Since MySQL 5.7.5, we have been able to resize dynamically the InnoDB Buffer Pool. This new feature also introduced a new variable — innodb_buffer_pool_chunk_size — which defines the chunk size by which the buffer pool is enlarged or reduced. This variable is not dynamic and if it is incorrectly configured, could lead to undesired situations.
Let’s see first how innodb_buffer_pool_size , innodb_buffer_pool_instances and innodb_buffer_pool_chunk_size interact:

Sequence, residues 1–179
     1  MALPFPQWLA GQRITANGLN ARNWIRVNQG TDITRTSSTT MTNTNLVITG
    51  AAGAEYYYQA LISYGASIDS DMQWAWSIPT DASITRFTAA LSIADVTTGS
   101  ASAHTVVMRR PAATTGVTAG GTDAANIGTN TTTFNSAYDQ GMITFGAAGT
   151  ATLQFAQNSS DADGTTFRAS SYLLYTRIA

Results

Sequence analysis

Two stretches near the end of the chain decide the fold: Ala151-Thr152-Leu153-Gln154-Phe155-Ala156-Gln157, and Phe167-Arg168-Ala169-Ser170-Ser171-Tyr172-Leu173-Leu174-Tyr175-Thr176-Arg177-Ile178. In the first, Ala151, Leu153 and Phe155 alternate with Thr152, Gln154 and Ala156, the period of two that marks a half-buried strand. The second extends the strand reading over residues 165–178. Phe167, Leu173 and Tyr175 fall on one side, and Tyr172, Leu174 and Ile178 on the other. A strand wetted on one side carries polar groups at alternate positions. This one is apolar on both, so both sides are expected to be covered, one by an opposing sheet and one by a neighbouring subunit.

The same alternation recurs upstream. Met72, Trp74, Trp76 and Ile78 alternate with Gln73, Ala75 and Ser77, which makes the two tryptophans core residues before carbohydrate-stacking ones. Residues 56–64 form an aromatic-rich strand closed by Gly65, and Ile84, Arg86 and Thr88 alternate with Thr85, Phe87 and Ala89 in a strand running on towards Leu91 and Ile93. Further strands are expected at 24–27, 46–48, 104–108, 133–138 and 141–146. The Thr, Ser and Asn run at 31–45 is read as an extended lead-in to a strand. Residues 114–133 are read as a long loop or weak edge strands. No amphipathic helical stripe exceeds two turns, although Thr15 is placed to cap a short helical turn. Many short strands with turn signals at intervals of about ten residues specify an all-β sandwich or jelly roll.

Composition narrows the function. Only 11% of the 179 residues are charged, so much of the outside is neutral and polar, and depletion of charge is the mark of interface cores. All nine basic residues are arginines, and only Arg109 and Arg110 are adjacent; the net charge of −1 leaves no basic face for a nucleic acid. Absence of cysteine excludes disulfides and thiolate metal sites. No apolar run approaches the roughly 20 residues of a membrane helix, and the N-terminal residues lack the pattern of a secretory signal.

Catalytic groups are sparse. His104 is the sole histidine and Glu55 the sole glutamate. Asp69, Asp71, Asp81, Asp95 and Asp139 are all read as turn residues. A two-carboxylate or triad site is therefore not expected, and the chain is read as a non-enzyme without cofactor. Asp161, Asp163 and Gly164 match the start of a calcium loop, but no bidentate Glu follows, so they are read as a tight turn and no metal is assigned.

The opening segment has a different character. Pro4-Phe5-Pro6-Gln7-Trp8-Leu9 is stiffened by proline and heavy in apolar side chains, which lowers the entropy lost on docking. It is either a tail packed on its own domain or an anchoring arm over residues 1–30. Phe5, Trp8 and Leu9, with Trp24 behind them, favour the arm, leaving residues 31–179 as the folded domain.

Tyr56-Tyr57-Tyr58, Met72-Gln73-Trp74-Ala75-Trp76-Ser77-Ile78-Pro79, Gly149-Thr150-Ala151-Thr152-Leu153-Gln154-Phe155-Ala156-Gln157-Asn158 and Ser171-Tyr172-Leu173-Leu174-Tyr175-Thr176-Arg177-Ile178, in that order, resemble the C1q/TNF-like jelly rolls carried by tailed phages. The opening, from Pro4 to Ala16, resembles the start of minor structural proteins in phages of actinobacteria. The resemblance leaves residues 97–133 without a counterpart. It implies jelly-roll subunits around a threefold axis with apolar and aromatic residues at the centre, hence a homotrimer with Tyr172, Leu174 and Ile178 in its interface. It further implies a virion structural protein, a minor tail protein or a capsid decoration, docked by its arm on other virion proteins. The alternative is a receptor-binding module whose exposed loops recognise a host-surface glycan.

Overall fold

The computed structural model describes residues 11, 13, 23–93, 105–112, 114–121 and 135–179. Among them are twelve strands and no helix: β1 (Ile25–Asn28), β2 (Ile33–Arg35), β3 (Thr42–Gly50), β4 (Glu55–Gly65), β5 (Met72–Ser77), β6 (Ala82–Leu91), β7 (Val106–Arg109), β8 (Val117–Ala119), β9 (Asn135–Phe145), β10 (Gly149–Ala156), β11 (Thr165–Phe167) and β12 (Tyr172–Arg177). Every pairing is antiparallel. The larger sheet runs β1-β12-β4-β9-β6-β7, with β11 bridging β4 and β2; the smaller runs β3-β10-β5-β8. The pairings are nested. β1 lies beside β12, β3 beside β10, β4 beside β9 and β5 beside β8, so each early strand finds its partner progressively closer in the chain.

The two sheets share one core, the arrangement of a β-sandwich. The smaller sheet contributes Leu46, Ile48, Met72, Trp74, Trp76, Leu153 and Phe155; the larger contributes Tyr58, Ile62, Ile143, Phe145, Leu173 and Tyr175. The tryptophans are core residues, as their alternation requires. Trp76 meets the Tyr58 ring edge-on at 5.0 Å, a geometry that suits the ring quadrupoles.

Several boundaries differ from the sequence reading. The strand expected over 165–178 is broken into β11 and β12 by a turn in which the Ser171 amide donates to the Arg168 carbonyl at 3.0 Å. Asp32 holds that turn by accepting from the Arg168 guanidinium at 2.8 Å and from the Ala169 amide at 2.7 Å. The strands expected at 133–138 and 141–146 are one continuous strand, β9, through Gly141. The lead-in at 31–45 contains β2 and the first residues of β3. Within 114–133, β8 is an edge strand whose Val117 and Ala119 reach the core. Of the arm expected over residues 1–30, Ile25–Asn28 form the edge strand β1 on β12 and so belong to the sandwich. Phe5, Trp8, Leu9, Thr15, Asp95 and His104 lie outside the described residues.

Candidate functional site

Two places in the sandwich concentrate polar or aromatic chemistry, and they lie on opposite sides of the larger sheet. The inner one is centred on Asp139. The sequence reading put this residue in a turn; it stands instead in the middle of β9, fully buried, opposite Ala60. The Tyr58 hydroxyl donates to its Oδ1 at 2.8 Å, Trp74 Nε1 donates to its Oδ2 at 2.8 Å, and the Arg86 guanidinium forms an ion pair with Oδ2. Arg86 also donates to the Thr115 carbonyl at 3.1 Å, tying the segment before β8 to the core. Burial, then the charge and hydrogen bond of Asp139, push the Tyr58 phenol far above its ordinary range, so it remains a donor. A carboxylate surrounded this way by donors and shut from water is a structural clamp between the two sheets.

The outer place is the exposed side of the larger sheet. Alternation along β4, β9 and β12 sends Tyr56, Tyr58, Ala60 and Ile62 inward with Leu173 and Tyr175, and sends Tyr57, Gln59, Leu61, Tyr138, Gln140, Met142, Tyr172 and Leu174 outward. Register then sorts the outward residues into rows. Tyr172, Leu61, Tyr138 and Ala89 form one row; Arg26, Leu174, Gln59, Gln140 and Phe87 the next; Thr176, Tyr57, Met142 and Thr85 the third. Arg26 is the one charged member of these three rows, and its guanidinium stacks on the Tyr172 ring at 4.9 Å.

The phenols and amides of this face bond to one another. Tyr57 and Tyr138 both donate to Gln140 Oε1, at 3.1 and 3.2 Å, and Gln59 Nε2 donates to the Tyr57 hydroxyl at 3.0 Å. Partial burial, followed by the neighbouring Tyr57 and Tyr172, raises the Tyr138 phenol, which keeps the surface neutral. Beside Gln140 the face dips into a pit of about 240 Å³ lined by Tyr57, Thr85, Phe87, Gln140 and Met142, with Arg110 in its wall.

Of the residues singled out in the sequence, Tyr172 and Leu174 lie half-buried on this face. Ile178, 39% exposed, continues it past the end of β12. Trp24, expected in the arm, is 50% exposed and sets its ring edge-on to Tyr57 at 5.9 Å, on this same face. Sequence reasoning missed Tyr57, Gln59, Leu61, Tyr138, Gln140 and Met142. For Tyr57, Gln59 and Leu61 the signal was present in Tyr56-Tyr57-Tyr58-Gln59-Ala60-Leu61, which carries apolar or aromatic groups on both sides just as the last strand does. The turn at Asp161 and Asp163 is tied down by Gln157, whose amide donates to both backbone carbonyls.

The buffer pool can hold several instances and each instance is divided into chunks. There is some information that we need to take into account: the number of instances can go from 1 to 64 and the total amount of chunks should not exceed 1000.
So, for a server with 3GB RAM, a buffer pool of 2GB with 8 instances and chunks at default value (128MB) we are going to get 2 chunks per instance:
This means that there will be 16 chunks.